Charlie Hebdo’s defiant, emotional return

An early look at the new Charlie Hebdo cover, the first issue of the satirical magazine to be printed since 12 were killed in terrorist attacks last week, has arrived and it’s just as irreverent as ever. The magazine will be available on Wednesday but the cover image has already been widely seen all over the Internet.

The cartoon is a drawing of the Prophet Muhammed seen against a green background. The Prophet, looking chagrinned, holds up a sign that says “Je Suis Charlie,” a rallying cry used by protestors to express solidarity in the wake of last week’s newsroom attack. The words “All Is Forgiven” (or “Tout Est Pardonné” in French) are scrawled above his head. Across France, and the world, Muslim groups and scholars are expressing concern over what this image could stir up — it was repeated cartoons of Muhammed in Charlie Hebdo that led to the first wave of attacks. And death threats continue to surround those staffers who were not killed.

“We asked ourselves: ‘What do we want to say? What should we say? And in what way?’” Gerard Biard, one of the paper’s editors told the New York Times about what would go on this cover. “About the subject, unfortunately, we had no doubt.”

“We don’t know how to anything but laugh,” Biard said. He was on vacation the day gunmen stormed the office. “We decided we would do a normal edition, not a memorial issue.”

As for the cartoonist who drew the cover, that would be Renald Luzier. The only reason he wasn’t in the office last week when terrorists took over was because he had slept in. He arrived right after the attacks. At a news conference he spoke about his choice for the cover drawing saying, “I had the idea to draw Muhammad because he is my character. Because he exists when I draw him, because he is a character that caused our premises to be firebombed, and later to be treated as irresponsible provocateurs — while we are above all cartoonists who love to draw little guys, like when we were children.”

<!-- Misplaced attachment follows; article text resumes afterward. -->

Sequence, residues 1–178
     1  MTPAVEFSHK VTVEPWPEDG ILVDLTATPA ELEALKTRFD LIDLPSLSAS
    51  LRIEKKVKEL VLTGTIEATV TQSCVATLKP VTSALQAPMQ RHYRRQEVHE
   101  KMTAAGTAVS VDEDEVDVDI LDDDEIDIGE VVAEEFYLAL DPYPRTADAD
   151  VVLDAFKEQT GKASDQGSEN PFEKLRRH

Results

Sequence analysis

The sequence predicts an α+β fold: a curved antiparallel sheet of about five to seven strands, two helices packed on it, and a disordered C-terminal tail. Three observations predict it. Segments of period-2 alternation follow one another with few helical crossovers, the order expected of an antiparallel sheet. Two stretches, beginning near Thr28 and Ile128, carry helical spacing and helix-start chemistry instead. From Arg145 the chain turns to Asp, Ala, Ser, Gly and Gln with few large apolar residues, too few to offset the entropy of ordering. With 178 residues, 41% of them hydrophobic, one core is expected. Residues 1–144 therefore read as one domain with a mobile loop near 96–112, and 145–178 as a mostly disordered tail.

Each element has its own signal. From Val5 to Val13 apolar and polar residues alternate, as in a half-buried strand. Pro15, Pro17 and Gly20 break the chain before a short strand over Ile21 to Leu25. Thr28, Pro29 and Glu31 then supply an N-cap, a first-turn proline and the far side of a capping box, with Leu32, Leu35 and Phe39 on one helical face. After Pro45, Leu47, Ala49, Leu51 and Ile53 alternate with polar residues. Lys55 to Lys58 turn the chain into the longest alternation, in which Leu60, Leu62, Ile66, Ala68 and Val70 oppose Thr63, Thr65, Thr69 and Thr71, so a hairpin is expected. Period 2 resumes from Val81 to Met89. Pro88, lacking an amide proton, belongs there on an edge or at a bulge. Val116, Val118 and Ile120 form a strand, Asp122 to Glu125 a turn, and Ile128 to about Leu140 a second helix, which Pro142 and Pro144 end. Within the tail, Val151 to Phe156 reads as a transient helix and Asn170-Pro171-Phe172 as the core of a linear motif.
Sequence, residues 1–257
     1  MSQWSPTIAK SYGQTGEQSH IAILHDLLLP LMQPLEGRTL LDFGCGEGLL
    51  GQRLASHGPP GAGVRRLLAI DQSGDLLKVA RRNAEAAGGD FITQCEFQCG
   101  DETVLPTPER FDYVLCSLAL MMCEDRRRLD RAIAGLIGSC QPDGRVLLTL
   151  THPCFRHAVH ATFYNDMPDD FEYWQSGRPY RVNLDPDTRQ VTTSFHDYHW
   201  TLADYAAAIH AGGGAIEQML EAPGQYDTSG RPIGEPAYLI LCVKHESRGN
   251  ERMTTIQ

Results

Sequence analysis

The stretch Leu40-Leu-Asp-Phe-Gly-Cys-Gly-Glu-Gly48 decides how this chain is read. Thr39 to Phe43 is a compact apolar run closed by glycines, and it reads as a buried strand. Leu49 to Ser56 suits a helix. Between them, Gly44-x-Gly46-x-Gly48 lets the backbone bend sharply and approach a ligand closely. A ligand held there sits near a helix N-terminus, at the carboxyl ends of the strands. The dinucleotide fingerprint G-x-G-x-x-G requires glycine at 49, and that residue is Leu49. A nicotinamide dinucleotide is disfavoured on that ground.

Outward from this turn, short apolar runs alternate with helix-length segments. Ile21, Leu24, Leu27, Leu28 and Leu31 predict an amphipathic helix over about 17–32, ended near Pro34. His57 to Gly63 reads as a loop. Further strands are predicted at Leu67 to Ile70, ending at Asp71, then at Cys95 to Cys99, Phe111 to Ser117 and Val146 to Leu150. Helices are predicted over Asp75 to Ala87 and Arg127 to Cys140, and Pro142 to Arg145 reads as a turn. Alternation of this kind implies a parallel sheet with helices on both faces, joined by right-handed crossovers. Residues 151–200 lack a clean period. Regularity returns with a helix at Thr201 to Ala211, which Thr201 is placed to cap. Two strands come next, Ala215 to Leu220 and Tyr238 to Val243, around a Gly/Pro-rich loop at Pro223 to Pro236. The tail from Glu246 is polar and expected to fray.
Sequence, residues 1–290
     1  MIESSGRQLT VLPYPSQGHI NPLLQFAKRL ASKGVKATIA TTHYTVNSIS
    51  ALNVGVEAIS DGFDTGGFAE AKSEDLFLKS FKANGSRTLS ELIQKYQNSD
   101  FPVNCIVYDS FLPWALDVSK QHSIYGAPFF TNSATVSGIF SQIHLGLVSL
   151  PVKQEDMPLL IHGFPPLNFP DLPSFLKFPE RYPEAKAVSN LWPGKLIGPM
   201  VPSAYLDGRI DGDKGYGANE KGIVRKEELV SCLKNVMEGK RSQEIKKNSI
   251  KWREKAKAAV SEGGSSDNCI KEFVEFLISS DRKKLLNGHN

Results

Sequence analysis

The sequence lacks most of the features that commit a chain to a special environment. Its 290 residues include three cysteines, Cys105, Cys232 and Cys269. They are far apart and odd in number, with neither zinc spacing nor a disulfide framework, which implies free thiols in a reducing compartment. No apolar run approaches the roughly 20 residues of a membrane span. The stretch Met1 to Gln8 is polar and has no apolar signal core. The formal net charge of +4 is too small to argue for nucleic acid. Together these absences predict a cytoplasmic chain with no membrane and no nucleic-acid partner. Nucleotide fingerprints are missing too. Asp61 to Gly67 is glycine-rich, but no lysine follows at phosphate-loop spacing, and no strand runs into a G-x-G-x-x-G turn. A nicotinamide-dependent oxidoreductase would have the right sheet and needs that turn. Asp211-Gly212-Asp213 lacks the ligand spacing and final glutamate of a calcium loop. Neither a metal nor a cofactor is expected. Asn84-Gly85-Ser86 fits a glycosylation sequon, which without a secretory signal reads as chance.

The paper has decided to print a record three million copies, orders of magnitude beyond their usual circulation of 60,000 with the help of left-wing daily newspaper Liberation. It will also be translated into 16 languages. The new issue will also honor the fallen editors and cartoonists by publishing their past work.

Since the attacks, millions of people have rallied to support the magazine as a symbol of free speech, marching under banners and tweeting their messages of solidarity under #JeSuisCharlie. The cover is a nod to them, and a statement that the paper will not be silenced.

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